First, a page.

The Lord of the Rings: Aragorn's Quest 2010 Warner Bros. Interactive Entertainment Headstrong Games
TT Fusion
Wii, Nintendo DS, PlayStation 2, PlayStation Portable, PlayStation 3
The Lord of the Rings: Middle-earth Defense 2010 Warner Bros. Interactive Entertainment Glu Mobile Apple iOS
The Lord of the Rings: War in the North 2011 Warner Bros. Interactive Entertainment Snowblind Studios PlayStation 3, Windows, Xbox 360
The Lord of the Rings Online: Rise of Isengard 2011 Warner Bros. Interactive Entertainment Turbine, Inc. Windows
The Lord of the Rings Online: Riders of Rohan 2012 Warner Bros. Interactive Entertainment Turbine, Inc. Windows
Guardians of Middle-earth 2012 Warner Bros. Interactive Entertainment Monolith Productions XboxLive, PSN, Windows
Lego The Lord of the Rings 2012 Warner Bros. Interactive Entertainment Traveller's Tales Windows, Mac OS, Wii, Nintendo 3DS, PlayStation Vita, PlayStation 3, Nintendo DS, Xbox 360
The Hobbit: Kingdoms of Middle-earth 2012 Warner Bros. Interactive Entertainment Kabam Android, Apple iOS
The Hobbit: An Unexpected Journey - A Journey through Middle-earth 2013 Warner Bros. Interactive Entertainment Google Browser game
The Hobbit: Armies of The Third Age 2013 Warner Bros. Interactive Entertainment Kabam Browser game
The Lord of the Rings Online: Helm's Deep 2013 Warner Bros. Interactive Entertainment Turbine, Inc. Mac OS X, Windows
The Hobbit: The Desolation of Smaug - Orc Attack 2013 Warner Bros. Interactive Entertainment Google Browser game
Lego The Hobbit 2014 Warner Bros. Interactive Entertainment Traveller's Tales Wii U, Xbox 360, Xbox One, PlayStation 3, PlayStation 4, Nintendo 3DS, PlayStation Vita, Windows, Mac OS
Middle-earth: Shadow of Mordor 2014 Warner Bros. Interactive Entertainment Monolith Productions Xbox 360, Xbox One, PlayStation 3, PlayStation 4, Windows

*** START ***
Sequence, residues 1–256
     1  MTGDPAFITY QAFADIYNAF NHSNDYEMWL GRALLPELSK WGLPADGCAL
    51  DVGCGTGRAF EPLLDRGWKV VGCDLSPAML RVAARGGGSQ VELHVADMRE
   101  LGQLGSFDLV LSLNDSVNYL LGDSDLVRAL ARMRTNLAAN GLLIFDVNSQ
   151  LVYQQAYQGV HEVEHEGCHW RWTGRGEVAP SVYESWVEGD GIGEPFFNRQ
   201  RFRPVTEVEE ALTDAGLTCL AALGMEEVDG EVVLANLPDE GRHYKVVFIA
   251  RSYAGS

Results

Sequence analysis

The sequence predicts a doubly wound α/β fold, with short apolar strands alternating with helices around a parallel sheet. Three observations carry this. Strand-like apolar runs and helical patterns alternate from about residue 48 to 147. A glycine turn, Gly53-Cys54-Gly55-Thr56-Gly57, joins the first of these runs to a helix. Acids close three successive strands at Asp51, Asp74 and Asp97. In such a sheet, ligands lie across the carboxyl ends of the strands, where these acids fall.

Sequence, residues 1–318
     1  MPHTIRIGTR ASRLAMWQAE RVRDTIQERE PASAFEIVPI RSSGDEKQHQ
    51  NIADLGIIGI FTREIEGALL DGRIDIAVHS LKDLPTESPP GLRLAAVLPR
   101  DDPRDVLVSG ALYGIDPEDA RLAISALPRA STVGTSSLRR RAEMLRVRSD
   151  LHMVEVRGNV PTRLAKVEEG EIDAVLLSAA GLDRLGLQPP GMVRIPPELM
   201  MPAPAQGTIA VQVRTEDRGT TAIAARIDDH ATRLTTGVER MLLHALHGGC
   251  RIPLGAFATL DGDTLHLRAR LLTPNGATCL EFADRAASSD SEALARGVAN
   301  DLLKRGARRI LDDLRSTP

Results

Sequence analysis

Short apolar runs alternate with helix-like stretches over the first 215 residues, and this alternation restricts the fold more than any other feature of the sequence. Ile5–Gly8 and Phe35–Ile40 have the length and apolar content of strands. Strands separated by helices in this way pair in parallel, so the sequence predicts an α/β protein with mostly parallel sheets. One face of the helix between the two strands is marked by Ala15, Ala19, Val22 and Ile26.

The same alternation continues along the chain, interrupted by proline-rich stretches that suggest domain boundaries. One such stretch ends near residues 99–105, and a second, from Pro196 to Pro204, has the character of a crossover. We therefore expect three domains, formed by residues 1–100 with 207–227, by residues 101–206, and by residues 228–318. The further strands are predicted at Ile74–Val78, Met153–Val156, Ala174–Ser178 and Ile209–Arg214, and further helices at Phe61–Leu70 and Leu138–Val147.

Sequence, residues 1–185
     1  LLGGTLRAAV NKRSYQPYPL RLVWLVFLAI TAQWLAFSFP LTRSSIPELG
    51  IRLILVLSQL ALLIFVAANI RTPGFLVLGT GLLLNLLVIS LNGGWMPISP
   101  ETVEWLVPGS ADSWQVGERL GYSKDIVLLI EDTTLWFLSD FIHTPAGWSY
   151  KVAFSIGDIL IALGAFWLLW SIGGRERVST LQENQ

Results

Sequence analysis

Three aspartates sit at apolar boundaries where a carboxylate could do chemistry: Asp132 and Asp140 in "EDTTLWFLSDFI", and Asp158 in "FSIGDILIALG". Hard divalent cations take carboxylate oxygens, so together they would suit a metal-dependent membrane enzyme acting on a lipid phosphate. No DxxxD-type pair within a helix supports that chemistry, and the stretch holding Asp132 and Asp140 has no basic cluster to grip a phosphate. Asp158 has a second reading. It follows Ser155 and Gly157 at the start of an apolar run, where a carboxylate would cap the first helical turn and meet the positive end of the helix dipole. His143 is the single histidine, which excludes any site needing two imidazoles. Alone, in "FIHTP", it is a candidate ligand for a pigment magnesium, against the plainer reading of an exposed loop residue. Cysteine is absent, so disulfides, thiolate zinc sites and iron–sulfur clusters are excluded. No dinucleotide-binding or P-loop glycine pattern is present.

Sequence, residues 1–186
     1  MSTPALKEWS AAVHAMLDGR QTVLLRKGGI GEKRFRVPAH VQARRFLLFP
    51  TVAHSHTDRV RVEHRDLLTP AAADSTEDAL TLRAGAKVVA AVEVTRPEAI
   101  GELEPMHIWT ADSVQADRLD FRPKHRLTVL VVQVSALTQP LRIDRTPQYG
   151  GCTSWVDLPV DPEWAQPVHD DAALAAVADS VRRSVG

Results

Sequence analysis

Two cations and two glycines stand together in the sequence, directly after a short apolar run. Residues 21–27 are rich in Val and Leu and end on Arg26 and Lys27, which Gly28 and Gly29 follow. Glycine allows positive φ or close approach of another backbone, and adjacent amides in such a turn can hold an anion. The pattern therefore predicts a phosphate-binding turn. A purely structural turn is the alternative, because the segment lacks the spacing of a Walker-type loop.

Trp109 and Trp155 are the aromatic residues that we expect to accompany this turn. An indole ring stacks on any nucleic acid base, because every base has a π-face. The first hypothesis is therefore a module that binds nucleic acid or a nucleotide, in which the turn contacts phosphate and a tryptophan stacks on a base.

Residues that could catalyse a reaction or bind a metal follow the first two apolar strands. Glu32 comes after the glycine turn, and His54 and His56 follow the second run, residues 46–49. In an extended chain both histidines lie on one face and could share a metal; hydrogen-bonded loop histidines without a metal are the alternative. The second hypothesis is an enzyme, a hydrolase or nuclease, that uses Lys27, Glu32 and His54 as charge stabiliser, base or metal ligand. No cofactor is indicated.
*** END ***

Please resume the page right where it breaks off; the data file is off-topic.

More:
The Lord of the Rings: Legends of Middle-earth 2014 Warner Bros. Interactive Entertainment Kabam Android, Apple iOS
The Hobbit: Battle of the Five Armies - Fight for Middle-earth 2014 Warner Bros. Interactive Entertainment Warner Bros. International Enterprises Android, Apple iOS

Parodies[edit]

See also[edit]

References[edit]

  1. ^ a b c "AtariAge". 
  2. ^ a b "AtariAge". 
  3. ^ Thompson, Kristin. The Frodo Franchise: The Lord of the Rings and Modern Hollywood. p. 359. 
  4. ^ http://archive.lotro.com/news/pressreleases/226-morialaunchdate
  5. ^ TURBINE LAUNCHES THE LORD OF THE RINGS ONLINE™: SIEGE OF MIRKWOOD™
  6. ^ http://archive.lotro.com/news/pressreleases/1236-the-lord-of-the-rings-online-rise-of-isengard-to-launch-on-september-27th
  7. ^ http://archive.lotro.com/news/pressreleases/2081-the-lord-of-the-rings-online-riders-of-rohan-to-launch-september-5-2012-
  8. ^ Metacritic results : "Lord of the Rings: Conquest" (links) metacritic.com
  9. ^ McWhertor, Michael (2009-03-12). "Lord of the Rings License Leaves EA, Journeys back to WB". kotaku.com. Retrieved 2016-03-10. 
  10. ^ Maloni, Kelly; Baker, Derek; Wice, Nathaniel (1994). Net Games. Random House / Michael Wolff & Company, Inc. p. 79. ISBN 0-679-75592-6. MUME IV Multi-Users in Middle Earth, or MUME, simulates Tolkien's world of Middle Earth. [...] Role-playing is encouraged, but this is primarily an adventure and combat MUD. [...] Server: Diku 
  11. ^ Greenman, Ben; Maloni, Kelly; Cohn, Deborah; Spivey, Donna (1996). Net Games 2. Michael Wolff & Company, Inc. p. 247. ISBN 0-679-77034-8. MUME [...] The action takes place in the late Third Age, before The Hobbit and after the loss of the One Ring by Sauron. The key of Erebor was just found by Gandalf and all the epic tales narrated in The Lord of the Rings may take place. 
  12. ^ "AtariAge". 
  13. ^ "Outerra Forums - Middle-Earth World for Outerra released!". Outerra Forums. Retrieved 22 June 2015. 

External links[edit]